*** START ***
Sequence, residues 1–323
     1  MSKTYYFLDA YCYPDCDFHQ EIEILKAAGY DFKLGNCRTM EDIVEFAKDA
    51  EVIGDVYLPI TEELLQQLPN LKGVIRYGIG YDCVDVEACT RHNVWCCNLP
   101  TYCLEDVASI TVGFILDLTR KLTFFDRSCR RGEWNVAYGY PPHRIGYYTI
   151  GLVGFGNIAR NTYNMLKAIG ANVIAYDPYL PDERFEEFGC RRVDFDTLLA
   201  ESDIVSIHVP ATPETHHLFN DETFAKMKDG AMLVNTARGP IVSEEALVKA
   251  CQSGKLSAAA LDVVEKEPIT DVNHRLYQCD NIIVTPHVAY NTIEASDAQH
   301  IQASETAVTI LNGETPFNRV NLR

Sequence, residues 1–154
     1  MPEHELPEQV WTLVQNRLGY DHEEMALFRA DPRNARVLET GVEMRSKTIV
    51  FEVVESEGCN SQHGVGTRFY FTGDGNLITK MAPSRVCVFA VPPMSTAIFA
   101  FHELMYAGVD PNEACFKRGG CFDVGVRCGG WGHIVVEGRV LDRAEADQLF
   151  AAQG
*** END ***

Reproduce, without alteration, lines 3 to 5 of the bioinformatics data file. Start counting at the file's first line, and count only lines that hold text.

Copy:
    51  EVIGDVYLPI TEELLQQLPN LKGVIRYGIG YDCVDVEACT RHNVWCCNLP
   101  TYCLEDVASI TVGFILDLTR KLTFFDRSCR RGEWNVAYGY PPHRIGYYTI
   151  GLVGFGNIAR NTYNMLKAIG ANVIAYDPYL PDERFEEFGC RRVDFDTLLA